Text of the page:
Q&A Arley McNeneyBy Corey Redekop • Oct 31st, 2011 • Category: Feature Post, Goose Lane Authors, Interviews
Tell us a bit about yourself.
I’m 28 years old and from New Westminster, BC. Last July, I moved back to British Columbia after doing my MFA at the University of Illinois, where I also played varsity wheelchair basketball. I was on the Canadian wheelchair basketball national team for six years and won two World Championship gold medals and a Paralympic bronze, though I’ve since retired. I work as a Communications Coordinator for various wheelchair sports organizations. Currently, I live in Vancouver with my cat, Mika.
Some interesting facts:
· I’m ambidextrous.
· I make wedding cakes as a hobby.
· My cat and I have the same hip problem. I’ve had two hip replacements and this August, she’s going to get one. (Well, the feline version of a hip replacement).
The Time You All Went Marching is your sophomore novel, after the Commonwealth Award-nominated Post. Did you feel any extra pressure for you second book because of this recognition?
No, mostly because when I’m writing a book I forget that anyone’s actually going to read it. It wasn’t until I saw the proofs of the cover for The Time We All Went Marching that it really sunk in that the book was going to be something more than a Word document on my computer, and by that time all the hard work had been done and it was too late to feel pressure.
Post seemed to take much from your own life (your past as a wheelchair athlete). The Time We All Went Marching is a radical departure in theme, style, and tone. Was this a conscious decision to change your style, or do you feel it is a natural evolution of your talent as an artist?
The funny thing about Post is that nearly everyone assumed it was autobiographical, but beyond the protagonist having the same disability as I do and playing wheelchair basketball, it wasn’t. (My life wasn’t nearly exciting enough to make into a 425-page book). When Post came out, however, I got a lot of heat because people either thought I’d turned them into a character in the book or assumed that I’d actually had a relationship with a much-older man and were trying to guess who it was. I’ve joked that the reason I wrote a book set in the 1930s and 40s is so that no one could get mad at me.
I think, however, that Post and The Time We All Went Marching actually have a lot in common. They both tackle the question of what happens after the “best” years of your life are over. They’re both interested in the obsessive nature of memory and how a person’s history is manifested on his or her body. That’s a long way of saying that I’m never conscious of having a style. I just write about things that interest me and The Time We All Went Marching came out of that.
The Time We All Went Marching takes place in Canada’s past, the 1930s and 1940s, with special mention made to real-life events such as the On to Ottawa Trek. How did you go about synthesizing factual events within a fictional framework?
I’ve always been a believer that non-fiction tells “the truth” whereas fiction tells “a truth” and so right from the beginning I gave up wanting to have precise historical accuracy. The truth of what happened on the On to Ottawa Trek doesn’t make for great fiction, since there wasn’t a lot of nuance coming from any party involved. There’s also been very little scholarly research written on the Trek and most narratives therefore come either from the Trekkers themselves or their children/grandchildren, which means that the Trekkers are presented as these noble working-class heroes and the government and police are uniformly evil. In fiction, that’s a one-way ticket to flat, stock characters. I’m hugely sympathetic to the Trekkers and it took me a long time to get comfortable with the fact that I was going to have to depict the Trek in a way that a Trekker wouldn’t like were he to read it.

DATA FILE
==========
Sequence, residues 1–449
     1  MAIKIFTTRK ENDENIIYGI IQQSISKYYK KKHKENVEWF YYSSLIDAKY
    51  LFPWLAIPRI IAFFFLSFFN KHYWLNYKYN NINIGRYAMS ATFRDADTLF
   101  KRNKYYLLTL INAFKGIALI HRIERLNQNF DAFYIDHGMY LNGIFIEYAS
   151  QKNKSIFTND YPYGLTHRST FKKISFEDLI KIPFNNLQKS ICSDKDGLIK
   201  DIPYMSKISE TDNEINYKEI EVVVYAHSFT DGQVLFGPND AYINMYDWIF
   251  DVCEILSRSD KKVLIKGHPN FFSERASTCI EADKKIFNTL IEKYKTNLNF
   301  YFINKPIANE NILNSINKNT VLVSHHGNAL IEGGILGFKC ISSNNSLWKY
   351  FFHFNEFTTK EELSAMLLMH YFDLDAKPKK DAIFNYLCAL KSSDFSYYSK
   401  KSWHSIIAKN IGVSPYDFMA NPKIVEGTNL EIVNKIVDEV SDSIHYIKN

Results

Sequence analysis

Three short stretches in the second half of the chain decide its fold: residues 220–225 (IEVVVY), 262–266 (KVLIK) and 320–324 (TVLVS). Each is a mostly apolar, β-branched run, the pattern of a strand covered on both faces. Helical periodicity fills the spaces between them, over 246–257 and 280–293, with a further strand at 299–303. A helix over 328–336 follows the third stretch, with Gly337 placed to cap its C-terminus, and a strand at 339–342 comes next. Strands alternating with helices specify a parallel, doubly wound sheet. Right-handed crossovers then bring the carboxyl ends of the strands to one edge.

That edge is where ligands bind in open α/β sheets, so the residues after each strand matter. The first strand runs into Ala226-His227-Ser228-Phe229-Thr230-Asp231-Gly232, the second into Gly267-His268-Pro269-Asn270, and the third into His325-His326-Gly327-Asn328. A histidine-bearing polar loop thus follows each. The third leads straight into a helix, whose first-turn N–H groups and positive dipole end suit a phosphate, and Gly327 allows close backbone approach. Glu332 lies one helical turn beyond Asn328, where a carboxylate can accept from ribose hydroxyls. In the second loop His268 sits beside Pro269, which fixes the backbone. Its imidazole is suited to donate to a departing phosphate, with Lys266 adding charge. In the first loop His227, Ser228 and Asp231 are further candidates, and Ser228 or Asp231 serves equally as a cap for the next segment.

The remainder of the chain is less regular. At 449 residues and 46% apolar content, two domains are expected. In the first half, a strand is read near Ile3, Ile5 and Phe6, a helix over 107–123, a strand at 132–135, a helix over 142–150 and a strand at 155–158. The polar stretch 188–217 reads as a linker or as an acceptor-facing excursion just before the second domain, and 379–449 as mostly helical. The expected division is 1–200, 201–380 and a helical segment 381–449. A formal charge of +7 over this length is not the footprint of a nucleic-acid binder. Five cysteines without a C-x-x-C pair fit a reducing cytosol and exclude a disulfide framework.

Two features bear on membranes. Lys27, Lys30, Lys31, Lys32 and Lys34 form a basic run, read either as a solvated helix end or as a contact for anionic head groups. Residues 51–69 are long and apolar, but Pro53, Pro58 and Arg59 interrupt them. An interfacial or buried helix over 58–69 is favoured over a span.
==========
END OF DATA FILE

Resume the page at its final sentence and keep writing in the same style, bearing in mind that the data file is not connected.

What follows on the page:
Actually, what was harder for me was the question of whether to use a memoir my grandmother had written about living in Ymir in the ‘40s in my own work. Earlier drafts had a lot more of my grandmother’s story in it, but I quickly realized that a) she could tell her own story way better than I could and b) I look up to my grandmother so much that I would never be able to get enough distance on the story to use it in fiction. Knowing when to let fiction take over was a valuable lesson.
How long does it take to start any particular writing project? Does your writing initially come quickly, or is it a slow process? Do first drafts appear looking close to their final shape, or does your work come out of copious notes?
I think every book’s different, but this one was really tough at the outset. I’d been interested in the On to Ottawa Trek since high school and had been researching the ‘30s and ‘40s with the intent of writing a novel set in that time period for years. When I was 11 or 12, my grandmother had also written this really raunchy memoir, which let’s just say had left quite an impression. I’d had the vague idea of wanting to use some of her memoir in a novel.
I started off trying to write a book with a clear beginning, middle and end, since that’s what I thought I ‘should’ write. I wrote 250 pages of a draft of that novel, but kept also writing these weird fragments about the On to Ottawa Trek on the side. I would literally wake up in the middle of the night to write these fragments, but I didn’t know what to do with them.
The 250 pages I’d written just weren’t working, so I threw them away and nearly dropped out of grad school in the process. I went back to Canada over the summer and met up with Lorna Jackson, who was a teacher and mentor of mine when I’d done my undergrad the University of Victoria and had been instrumental in my writing and publishing Post. She read the first 50 pages of my awful novel and simply said, “I think you need to rethink the role of ‘haunting’ in this piece.” In the span of a half-hour chat over tea, she managed to completely put the project back on track. On the ferry ride home, I began The Time We All Went Marching and ended up writing the whole thing in the span of six weeks in a Starbucks in Urbana, Illinois. Obviously, that draft needed a lot of revision and I’ve spent quite a bit of time grappling with the structure, but on a larger level it was fully formed.
What do you see the current role of the writer being in larger culture? Does s/he even have one? What do you think the role of the writer should be?
I think one of the many shifts that’s happening with the advent of the Internet and especially social media is that storytelling is no longer the sole purview of “writers.” Anyone can write a story or post a video and have it reach a mass audience. But what’s missing from a lot of the storytelling that’s taking place online is the ability to enter into someone else’s headspace for an extended period of time. Movies can do that, but not to the depths that novels can. Being able to imagine another person’s point of view is such a crucial skill and it’s one that’s on the decline. I recently read, for example, that today’s college students are 40% less empathetic than college students in the 1970s. Obviously, we’re talking about systemic problems that can’t be fixed just by getting kids to read more novels, but I still maintain that we need writers more than ever.